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Golden Ireland

Idir dhรก lรกimh daoine fรญuntach
Scrรญobh an agham i mBanba รณir
I nglas bรฉinne fial รณ nรกdรบir
Fonn ceoil i mBanba รณir

There is so much I could say about the emerald isle. Of all the places I roamed in Europe, the Irish were the most friendly to us strangers, and of course having a love for Ireland before I even got there certainly helped. My sister and I rented bikes in Killarney and explored the National Park there, admiring the lakes, mountains, and castle. On our adventures we crossed a small waterway which my sister called a creek, whereat I replied, “No, it’s a brook, don’t you know? We’re in Ireland!”

We bought red Irish cheddar at the grocery store for lunch, and made it up to Dublin, where we saw Riverdance and viewed that ancient old manuscript, the Book of Kells. Not wanting to make a days trip across the island to see cliffs, we contented ourselves with the cliffs of Howth, just outside of Dublin. We stayed in a hostel in Tralee, where I accidentally left my jacket, and subsequently we were scouring all the charity shops in Ireland in search of another jacket, knowing winter was on its way. Due to a disappointing mixup concerning our planned flight to Spain, we stayed in Cork an extra two days, and enjoyed that seaside town.

And I can’t forget the music! My preliminary plans to go to a concert there didn’t work out, but there was no shortage of street musicians, and we enjoyed those immensely. My sister enjoyed the fact that everyone spoke English (I was hoping to hear more Gaelic, myself), and both of us agree that Ireland is definitely on the list of places to return to someday.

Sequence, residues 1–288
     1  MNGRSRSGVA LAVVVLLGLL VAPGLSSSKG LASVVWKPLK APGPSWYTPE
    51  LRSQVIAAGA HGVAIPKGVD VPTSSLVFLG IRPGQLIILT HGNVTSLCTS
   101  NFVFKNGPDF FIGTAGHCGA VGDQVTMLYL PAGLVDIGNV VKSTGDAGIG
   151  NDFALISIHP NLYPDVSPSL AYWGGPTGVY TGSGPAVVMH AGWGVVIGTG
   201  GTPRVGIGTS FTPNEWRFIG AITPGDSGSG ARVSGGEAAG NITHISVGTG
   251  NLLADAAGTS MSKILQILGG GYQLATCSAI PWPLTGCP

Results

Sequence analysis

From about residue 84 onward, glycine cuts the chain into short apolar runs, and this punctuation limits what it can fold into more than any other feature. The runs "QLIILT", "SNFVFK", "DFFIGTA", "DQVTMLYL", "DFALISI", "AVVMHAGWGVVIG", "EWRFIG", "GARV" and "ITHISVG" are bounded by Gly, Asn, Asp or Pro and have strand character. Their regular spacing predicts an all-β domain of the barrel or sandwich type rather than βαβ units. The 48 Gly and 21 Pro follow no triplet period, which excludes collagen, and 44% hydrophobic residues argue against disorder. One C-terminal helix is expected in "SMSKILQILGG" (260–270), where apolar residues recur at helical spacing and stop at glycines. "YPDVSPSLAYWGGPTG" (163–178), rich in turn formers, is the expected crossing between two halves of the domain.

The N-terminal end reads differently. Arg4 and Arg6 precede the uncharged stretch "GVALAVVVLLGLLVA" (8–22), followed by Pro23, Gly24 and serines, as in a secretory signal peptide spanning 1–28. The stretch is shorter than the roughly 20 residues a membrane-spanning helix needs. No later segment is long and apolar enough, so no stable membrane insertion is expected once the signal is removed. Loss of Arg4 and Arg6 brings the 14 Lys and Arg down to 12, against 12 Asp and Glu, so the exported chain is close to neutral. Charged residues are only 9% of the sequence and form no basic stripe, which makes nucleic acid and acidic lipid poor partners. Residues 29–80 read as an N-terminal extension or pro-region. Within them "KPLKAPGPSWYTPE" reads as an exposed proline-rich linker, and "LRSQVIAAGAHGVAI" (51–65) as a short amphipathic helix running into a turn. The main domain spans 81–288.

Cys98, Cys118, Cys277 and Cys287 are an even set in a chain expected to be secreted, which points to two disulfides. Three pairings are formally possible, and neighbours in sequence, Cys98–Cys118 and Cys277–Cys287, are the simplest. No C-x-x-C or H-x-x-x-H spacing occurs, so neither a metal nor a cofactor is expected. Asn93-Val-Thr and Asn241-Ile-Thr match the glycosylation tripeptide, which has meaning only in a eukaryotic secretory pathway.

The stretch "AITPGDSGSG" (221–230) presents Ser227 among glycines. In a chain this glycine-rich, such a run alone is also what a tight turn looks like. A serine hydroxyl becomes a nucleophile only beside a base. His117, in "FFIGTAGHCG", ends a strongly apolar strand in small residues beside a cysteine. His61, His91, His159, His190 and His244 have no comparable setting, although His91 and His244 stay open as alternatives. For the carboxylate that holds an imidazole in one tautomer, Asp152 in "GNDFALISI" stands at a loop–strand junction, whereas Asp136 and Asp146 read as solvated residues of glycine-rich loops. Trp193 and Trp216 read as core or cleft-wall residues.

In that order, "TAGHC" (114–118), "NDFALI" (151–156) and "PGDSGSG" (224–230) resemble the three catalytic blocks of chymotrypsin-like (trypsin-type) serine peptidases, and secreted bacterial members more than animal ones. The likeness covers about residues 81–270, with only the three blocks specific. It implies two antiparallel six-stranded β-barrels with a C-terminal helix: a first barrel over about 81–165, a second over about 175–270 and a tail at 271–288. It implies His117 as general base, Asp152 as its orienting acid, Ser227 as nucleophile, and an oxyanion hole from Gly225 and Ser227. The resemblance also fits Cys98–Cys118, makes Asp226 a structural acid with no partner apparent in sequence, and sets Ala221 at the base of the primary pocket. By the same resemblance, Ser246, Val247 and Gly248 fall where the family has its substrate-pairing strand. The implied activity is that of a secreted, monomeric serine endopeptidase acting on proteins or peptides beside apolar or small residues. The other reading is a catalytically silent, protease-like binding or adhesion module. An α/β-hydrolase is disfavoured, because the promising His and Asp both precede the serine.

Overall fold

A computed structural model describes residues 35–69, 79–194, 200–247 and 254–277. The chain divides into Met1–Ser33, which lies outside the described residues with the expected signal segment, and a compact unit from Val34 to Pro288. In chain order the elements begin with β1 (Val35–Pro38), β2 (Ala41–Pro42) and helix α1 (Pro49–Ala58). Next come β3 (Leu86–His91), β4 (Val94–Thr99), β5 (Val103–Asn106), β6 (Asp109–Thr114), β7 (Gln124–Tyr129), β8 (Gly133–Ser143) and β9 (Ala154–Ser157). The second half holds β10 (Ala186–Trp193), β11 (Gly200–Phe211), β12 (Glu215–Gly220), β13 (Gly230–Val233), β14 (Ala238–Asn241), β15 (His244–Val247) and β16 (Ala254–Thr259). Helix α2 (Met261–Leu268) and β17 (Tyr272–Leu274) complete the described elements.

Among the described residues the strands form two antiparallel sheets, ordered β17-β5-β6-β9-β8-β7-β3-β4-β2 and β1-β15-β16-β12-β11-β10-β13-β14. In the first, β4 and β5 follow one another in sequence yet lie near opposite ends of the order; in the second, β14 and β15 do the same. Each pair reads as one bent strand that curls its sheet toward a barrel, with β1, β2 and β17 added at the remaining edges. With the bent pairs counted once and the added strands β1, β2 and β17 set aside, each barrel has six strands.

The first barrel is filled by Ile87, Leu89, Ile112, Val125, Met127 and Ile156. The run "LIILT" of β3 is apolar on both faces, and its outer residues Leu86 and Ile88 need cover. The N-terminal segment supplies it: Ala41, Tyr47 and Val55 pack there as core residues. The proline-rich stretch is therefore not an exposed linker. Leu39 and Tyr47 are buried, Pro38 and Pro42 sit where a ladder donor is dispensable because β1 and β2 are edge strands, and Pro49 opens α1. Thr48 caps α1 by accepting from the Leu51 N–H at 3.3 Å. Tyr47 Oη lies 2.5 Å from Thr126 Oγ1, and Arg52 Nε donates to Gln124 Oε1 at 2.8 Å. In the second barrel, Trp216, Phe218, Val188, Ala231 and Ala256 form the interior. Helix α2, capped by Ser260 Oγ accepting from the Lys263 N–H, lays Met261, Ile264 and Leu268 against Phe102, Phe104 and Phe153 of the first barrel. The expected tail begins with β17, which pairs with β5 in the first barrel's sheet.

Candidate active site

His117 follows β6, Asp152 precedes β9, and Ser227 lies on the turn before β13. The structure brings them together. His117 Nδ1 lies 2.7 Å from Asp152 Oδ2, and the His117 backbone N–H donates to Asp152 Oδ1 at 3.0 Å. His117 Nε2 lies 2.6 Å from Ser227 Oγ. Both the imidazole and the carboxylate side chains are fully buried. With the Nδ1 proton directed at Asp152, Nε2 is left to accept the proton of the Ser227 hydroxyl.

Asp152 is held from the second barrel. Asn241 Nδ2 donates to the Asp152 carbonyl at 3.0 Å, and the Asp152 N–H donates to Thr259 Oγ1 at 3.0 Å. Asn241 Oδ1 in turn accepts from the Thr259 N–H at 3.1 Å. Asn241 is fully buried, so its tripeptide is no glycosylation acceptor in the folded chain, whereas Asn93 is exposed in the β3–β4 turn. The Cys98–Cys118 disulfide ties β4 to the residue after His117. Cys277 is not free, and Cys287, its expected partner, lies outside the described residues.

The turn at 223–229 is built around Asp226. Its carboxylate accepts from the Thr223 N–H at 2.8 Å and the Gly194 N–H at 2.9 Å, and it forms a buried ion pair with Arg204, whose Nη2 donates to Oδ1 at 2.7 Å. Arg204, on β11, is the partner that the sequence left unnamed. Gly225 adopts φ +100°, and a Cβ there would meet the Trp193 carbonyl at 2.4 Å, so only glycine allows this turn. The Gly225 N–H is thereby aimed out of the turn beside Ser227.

Photos from Brussels

Photos from Brussels, Belgium on Flickr

Ah, Brussels! I have some good memories from there. We spent a few days in the capital city of the great nation of Belgium, and it was our first exposure to underground metro systems. As far as metros go, Brussels’ is fairly small, so it was a good way for us to practice before moving on to the more daunting metros of Paris and Rome.

Brussels is a beautiful city, and I was able to practice my French there quite a bit. Even though it’s officially bilingual (and most official signs reflect that), from my experience French is the more popular choice in the city. The downtown square was very spacious, and surrounded by high, old buildings on every side. For the lover of architecture gothic could be seen, as well as some others. While there we got to peruse a few museums, including the Royal Museums of Fine Arts, a museum full of musical instruments of all sorts (my favourite!) and also a comic strip museum. If you are not aware of the fact, it is good to know that Belgium is widely known for its comic strips, and perhaps the most famous of these is Tintin. I had been a Tintin fan long before going to Belgium, and it was with glee that I went through the exhibit on Tintin and his creator, Hergรฉ. That Sunday, before returning to our homebase in Verviers, we worshiped with the French-speaking church there in Brussels. I had the privilege of teaching the Bible class, which I regrettably had to teach through the help of a translator, since my French was not good enough to avoid that step. The church, though small, was very kind, and while it consisted primarily of Belgians, I met some people from Scotland, Canada, and the U.S. there as well.